(i). Electron transport:  The coenzymes release H+ ions and electrons (e). The electrons pass through the respiratory chain, a series of membrane associated electron carriers. The flow of electrons along this pathway results in the active transport of protons out of the mitochondrial matrix and across the inner mitochondrial membrane, creating a proton concentration gradient. Together, the proton concentration gradient and the electrical charge difference constitute a source of potential energy called the proton-motive force (PMF). This force tends to drive the protons back into the mitochondrial matrix across the inner mitochondrial membrane from mitochondrial intermembrane space.

(ii). Chemiosmosis: The protons diffuse back into the mitochondrial matrix through a specific proton channel, ATP synthase, which couples this diffusion to the synthesis of ATP from ADP and Pi. The inner mitochondrial membrane is otherwise impermeable to protons, so the only way for them to follow their concentration gradient is through the channel. This coupling of proton-motive force and ATP synthesis is called chemiosmosis.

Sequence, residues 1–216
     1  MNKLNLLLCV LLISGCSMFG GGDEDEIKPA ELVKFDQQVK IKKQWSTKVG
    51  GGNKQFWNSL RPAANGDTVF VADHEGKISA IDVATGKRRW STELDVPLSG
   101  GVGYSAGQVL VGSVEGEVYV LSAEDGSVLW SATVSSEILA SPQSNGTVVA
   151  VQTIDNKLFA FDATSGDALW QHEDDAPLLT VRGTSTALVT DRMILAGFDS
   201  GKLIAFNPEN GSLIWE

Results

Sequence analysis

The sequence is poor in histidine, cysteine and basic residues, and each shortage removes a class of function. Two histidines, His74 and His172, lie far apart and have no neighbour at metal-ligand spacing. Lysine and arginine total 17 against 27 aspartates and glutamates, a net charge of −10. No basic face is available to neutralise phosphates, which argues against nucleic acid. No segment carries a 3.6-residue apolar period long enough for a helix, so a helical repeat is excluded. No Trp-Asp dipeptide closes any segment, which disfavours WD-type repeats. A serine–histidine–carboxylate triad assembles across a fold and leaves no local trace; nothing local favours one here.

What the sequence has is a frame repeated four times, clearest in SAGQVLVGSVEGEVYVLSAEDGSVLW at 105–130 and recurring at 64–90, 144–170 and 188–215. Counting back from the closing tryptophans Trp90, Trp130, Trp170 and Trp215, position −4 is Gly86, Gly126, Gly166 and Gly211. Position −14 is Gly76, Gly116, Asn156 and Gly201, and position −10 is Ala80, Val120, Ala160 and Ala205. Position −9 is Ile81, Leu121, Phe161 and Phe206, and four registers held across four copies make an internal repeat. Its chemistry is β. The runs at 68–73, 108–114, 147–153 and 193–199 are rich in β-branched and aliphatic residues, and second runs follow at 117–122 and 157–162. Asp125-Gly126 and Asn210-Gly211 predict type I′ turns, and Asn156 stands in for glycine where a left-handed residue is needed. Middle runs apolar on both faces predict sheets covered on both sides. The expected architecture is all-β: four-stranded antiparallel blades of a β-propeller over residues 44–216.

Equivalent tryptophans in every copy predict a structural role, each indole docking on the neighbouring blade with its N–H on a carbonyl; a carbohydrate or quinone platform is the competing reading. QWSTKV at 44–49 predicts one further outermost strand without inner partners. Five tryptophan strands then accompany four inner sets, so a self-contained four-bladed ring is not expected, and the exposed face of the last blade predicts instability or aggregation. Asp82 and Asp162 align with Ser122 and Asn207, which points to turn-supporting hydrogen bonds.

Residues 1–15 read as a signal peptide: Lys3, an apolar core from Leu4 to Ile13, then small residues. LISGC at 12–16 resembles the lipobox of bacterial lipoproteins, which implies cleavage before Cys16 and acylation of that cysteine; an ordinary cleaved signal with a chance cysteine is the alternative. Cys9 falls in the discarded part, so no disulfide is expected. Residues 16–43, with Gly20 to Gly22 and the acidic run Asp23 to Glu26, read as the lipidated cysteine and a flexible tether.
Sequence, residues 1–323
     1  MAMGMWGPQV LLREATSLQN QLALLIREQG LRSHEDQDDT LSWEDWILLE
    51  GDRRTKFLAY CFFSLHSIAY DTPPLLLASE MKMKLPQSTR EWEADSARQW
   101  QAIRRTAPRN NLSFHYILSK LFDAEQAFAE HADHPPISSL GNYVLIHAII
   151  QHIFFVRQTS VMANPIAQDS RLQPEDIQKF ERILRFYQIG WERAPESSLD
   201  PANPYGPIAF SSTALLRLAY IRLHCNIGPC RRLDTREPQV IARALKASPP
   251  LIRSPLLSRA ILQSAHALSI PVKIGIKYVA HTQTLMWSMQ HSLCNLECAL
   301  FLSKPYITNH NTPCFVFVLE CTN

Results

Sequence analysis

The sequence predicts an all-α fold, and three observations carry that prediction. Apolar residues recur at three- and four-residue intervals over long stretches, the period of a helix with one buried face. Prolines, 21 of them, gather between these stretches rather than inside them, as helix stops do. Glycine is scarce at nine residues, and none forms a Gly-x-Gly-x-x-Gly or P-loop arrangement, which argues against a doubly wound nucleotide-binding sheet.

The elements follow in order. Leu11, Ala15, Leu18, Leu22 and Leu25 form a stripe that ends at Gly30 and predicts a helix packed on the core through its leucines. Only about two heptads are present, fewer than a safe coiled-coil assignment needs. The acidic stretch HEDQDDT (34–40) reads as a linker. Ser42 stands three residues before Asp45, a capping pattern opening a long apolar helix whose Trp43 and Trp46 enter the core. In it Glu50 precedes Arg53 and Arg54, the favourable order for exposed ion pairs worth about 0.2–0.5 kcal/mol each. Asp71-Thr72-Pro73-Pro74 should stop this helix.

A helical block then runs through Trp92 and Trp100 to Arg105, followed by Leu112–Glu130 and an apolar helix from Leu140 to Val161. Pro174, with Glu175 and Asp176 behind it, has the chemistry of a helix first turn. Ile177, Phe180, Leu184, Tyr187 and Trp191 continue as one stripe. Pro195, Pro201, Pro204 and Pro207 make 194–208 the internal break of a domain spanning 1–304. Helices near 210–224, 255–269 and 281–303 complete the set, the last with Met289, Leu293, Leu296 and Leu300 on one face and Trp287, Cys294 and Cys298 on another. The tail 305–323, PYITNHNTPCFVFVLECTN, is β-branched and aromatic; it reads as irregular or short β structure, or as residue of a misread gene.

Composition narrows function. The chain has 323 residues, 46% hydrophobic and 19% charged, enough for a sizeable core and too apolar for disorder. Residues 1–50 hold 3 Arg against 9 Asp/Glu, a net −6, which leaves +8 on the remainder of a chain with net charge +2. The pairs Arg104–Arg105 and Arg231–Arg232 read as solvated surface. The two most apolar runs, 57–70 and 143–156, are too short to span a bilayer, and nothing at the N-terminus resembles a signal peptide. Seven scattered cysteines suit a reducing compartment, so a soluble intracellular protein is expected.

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ATP Generate during Substrate level phosphorylation and Oxidative phosphorylation

The below figure shows a total of 4 ATP are generated by substrate-level phosphorylation and 32-34 ATP by oxidative phosphorylation.   

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Definition: photophosphorylation is the production of ATP by chemiosmosis during the light reactions of photosynthesis.

Photophosphorylation occurs on the thylakoids of chloroplasts. In the primary photochemical reaction, an electron is extruded by chlorophyll a on the receipt of radiation energy. The electron passes over a transport chain of carriers. Sufficient energy is released when the electron passes between cytochrome b